As I get close to finishing my dissertation, I am reflecting on the way that the PAm-Costco Scholar Fellowship has helped me to take my interest in honey bee foraging behavior and apply it to helping beekeepers and land managers who want to support honey bees.
I started studying bees a few years after increased colony mortality had drawn international public attention and concern. Research since that time has highlighted four major stressors that contribute to high mortality: parasites, pathogens, pesticides, and poor nutrition. Good nutrition is not only essential to day-to-day activities of bees, but it also helps colonies deal with the other stressors. Finding apiary spots that lead to good colony nutrition is challenging because honey bee colonies have a very wide foraging range, in some cases traveling over 8 miles to collect food. If we consider that most foraging happens within 2 miles of a hive, that’s still over 8,000 acres that foragers are covering to find rewarding flowers.
When I started working in Marla Spivak’s lab at the University of Minnesota I quickly learned that states in the Upper Midwest region are some of the top honey-producing states in the country, and a large proportion of colonies that travel to pollinate crops spend their summers here. However, the Upper Midwest is also an area where landscapes have changed dramatically. Historically, this region was mostly covered by prairie, but since that time almost all of the original prairie lands have been converted to agriculture, today mainly corn and soybeans. We also have a number of non-native weedy plants brought to North America as forage crops for cattle that have now become the dominant roadside forb species. Recent efforts to restore/reconstruct prairie habitats to conserve native biodiversity have led beekeepers to wonder whether honey bees will collect large amounts of food from nearby prairies. It has also led to questions from land managers interested in planting native flowers about which native prairie species might make good replacements for non-native roadside flowers that would still attract and benefit honey bees.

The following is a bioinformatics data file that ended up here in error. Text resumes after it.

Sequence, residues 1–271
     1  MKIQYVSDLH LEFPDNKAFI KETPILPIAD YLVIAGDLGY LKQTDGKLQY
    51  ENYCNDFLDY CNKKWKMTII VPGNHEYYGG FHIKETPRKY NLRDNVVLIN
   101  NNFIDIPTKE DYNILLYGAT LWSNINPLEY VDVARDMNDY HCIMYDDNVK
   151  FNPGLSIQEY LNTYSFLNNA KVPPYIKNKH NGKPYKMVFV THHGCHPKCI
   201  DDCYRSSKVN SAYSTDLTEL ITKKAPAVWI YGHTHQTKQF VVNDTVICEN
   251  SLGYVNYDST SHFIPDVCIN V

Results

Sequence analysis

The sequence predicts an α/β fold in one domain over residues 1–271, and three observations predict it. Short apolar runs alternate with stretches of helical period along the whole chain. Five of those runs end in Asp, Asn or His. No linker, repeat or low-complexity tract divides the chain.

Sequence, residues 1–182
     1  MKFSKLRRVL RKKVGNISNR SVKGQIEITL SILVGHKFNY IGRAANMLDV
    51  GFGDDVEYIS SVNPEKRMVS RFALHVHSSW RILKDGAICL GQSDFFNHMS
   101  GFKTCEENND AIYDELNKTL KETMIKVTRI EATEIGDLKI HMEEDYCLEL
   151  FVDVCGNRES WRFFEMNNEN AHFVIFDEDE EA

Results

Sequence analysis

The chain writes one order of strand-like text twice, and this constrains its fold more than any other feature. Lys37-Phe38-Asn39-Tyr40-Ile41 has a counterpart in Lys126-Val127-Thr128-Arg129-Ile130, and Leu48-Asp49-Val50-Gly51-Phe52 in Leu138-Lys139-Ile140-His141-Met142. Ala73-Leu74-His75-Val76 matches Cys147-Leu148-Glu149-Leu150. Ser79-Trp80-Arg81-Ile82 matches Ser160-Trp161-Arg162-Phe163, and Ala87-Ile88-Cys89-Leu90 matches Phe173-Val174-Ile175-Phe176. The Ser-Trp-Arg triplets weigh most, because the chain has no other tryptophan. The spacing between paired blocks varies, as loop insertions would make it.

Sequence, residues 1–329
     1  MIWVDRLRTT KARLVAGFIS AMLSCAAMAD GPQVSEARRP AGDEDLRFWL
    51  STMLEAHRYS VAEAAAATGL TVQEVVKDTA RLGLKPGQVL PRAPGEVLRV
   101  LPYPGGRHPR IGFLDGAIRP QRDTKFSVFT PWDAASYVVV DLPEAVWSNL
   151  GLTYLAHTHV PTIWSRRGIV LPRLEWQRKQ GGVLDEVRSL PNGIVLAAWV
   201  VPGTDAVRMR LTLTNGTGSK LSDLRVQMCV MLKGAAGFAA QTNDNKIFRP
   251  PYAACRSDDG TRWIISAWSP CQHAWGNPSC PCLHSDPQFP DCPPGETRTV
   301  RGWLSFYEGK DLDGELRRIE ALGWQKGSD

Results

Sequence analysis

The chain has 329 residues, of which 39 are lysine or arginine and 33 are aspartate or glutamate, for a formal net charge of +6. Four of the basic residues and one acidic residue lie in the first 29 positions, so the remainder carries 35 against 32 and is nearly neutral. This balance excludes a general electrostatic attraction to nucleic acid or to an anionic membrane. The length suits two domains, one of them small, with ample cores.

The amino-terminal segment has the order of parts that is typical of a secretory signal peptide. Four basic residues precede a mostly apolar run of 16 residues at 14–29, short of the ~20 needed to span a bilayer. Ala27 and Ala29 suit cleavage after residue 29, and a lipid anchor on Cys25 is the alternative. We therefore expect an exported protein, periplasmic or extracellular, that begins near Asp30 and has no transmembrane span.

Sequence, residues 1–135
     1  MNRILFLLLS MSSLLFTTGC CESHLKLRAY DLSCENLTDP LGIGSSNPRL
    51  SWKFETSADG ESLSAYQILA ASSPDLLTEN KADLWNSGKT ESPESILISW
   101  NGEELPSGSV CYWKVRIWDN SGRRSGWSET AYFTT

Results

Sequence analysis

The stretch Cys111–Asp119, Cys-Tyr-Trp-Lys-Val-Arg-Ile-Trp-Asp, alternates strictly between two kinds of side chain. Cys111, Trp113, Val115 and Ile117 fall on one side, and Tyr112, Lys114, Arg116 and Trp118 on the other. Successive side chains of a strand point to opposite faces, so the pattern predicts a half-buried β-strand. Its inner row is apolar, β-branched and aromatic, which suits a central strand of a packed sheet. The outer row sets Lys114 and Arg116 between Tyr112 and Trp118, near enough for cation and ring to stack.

I started my dissertation with some experience studying honey bee foraging. However, my previous research was focused on questions about how honey bees communicate and divide up labor, not on practical questions about how colonies assess the flowers in the landscapes around them. Through my dissertation work I learned a great deal about how floral resources change throughout the season in the Upper Midwest and which species beekeepers generally consider the best honey plants here. I also learned many techniques for studying honey bee foraging preferences, including how to identify bee-collected pollen grains, both under the microscope and by sequencing their DNA, and how to decode and map waggle dance communications between honey bee foragers about the locations of the most profitable patches of flowers.
With support from the PAm-Costco Scholar Fellowship, we asked the question: when given access to restored prairies, what proportion of their diet will honey bee colonies collect from prairie flowers? To answer this question, we placed colonies near four large, restored prairies and examined the pollen coming into those colonies throughout the foraging season. We found little contribution from native prairie species until July and the highest contribution of native species in August and September, when native aster species, such as goldenrods, became a major source of food. From June to September, our colonies collected large proportions of their pollen from three non-native genera: white/alsike/red clovers, sweet clovers, and birds-foot trefoil.